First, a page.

How to craft great copy that gets read and compels action
Turns Out, People Do Read Copy
I’d like to start by giving all my fellow copywriters a fist bump; because, as it turns out, we now know that people actually do read copy. Web studies have provided quantifiable measurements which confirm that copy is read, such as the amount of time people linger on a webpage…and how often they engage. That being said, copywriters still need to know how to craft and deliver great copy that gets read and compels users to action.
Notice that I said “great copy,” not “good copy”? Merriam-Webster actually has a definition for “good copy.” They define news stories and political scandals as “good copy.” Here’s some better-than-good advice: marketing your product or service with merely “good copy” will usually get you a bad return. Let’s discuss what it takes for copy to accomplish all its sets out to do.
Copy … as in Sales Content
Copy, as I’m referring to it, are the words used to help establish and sell goods, a product or service. Your “copy” is your word content, which is spoken in radio and television commercials and written in ads, websites, blogs and digital marketing. It has a place throughout the entire Omnichannel experience. Copy is how a brand conveys its persona and value to an audience in order to get them to take a desired action. Copywriting is the craft of creating content that helps promote brands and sells products. Good copy is often overlooked. Great copy is read and prompts action. We’re going to discuss the specific elements that help make good copy great.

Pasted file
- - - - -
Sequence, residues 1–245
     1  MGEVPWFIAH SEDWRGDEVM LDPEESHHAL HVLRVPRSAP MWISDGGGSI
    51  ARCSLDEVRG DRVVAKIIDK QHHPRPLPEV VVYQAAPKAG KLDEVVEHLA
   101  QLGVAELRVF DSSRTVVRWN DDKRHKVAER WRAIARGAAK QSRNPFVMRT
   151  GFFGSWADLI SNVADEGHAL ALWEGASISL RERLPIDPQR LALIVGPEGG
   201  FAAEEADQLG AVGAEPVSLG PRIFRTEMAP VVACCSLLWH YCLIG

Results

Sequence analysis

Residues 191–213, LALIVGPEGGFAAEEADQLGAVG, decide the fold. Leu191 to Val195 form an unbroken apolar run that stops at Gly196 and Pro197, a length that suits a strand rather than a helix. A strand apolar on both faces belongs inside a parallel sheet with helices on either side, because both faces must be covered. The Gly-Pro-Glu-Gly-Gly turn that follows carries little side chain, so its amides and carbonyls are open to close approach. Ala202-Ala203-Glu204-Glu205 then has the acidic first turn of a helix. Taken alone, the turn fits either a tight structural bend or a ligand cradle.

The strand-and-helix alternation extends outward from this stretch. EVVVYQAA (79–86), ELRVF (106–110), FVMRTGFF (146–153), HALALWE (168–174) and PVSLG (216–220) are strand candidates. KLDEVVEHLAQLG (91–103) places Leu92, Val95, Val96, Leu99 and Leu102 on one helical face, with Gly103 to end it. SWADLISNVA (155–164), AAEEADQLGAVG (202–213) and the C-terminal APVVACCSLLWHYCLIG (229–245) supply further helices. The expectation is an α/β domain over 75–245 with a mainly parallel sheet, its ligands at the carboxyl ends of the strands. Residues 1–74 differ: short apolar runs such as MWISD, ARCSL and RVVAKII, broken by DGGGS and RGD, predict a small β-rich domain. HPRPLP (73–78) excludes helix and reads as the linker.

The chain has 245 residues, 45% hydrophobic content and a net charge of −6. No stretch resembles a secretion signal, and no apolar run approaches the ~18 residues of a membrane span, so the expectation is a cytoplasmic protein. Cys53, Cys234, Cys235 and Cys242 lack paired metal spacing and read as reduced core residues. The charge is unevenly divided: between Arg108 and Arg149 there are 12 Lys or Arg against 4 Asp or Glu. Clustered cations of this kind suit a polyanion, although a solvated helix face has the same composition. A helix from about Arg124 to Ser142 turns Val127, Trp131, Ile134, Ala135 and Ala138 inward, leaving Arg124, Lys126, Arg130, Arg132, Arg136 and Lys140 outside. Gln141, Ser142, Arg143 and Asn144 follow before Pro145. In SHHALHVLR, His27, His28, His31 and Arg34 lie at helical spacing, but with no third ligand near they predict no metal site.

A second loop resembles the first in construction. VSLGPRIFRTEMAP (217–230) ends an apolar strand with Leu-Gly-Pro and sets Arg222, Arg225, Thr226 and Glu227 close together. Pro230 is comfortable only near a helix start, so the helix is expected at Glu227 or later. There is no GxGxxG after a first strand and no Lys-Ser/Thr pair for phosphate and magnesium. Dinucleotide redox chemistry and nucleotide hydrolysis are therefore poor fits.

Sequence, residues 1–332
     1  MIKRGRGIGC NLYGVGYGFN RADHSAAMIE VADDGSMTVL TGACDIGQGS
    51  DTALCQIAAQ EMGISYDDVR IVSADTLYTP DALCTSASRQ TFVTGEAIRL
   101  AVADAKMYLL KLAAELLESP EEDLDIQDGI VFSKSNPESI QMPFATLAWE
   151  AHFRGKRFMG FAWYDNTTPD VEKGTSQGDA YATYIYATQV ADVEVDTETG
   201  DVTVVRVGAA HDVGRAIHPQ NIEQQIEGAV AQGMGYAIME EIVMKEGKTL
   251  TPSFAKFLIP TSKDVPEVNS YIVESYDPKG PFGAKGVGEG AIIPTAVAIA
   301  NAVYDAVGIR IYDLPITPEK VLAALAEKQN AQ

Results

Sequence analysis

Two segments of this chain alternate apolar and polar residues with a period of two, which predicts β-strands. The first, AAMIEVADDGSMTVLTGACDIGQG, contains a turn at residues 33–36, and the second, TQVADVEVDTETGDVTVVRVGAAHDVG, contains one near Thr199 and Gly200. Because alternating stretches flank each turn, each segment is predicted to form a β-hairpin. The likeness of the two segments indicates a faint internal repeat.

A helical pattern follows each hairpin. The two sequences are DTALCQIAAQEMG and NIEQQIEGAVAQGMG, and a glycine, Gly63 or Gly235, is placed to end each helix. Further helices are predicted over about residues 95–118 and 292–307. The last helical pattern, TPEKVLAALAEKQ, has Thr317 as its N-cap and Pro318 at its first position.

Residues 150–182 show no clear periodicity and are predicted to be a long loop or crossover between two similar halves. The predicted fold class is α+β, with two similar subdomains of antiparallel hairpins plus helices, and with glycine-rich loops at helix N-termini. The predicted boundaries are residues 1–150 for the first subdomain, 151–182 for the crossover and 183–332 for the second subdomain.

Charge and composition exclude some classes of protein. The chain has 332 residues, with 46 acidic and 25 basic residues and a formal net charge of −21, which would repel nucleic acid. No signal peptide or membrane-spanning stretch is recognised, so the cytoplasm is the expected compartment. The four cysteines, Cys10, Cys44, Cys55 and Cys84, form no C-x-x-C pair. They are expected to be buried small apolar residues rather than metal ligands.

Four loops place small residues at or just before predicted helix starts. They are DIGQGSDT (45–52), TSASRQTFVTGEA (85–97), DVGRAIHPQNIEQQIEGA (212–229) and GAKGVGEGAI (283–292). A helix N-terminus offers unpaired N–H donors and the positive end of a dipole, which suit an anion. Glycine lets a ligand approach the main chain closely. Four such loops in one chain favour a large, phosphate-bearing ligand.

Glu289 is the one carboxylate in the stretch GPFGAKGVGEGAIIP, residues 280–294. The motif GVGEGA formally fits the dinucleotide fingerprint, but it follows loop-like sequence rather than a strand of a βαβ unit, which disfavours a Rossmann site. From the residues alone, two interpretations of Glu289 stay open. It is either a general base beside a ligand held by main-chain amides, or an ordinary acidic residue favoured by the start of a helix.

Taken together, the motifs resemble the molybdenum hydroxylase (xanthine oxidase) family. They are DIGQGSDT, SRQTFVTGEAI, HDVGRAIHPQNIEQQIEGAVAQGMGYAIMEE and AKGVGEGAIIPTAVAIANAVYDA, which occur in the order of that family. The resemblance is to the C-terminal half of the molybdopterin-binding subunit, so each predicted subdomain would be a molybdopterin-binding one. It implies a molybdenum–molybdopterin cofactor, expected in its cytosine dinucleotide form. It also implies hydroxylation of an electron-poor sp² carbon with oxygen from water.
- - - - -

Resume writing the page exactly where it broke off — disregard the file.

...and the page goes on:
Points for Audience Participation
The first rule of great copy is to know your audience. Find out what makes them tick. How do they speak and like to be spoken to? The best way to engage an audience is to connect with them. The only way to make a connection is to know them. If you’re writing to new moms about diaper absorbency, your language will be different than if you were speaking to the CEO of a medical supply company about their sales reps. The most important copy tip I can provide is to write your copy the same way you would speak to the audience you’re addressing.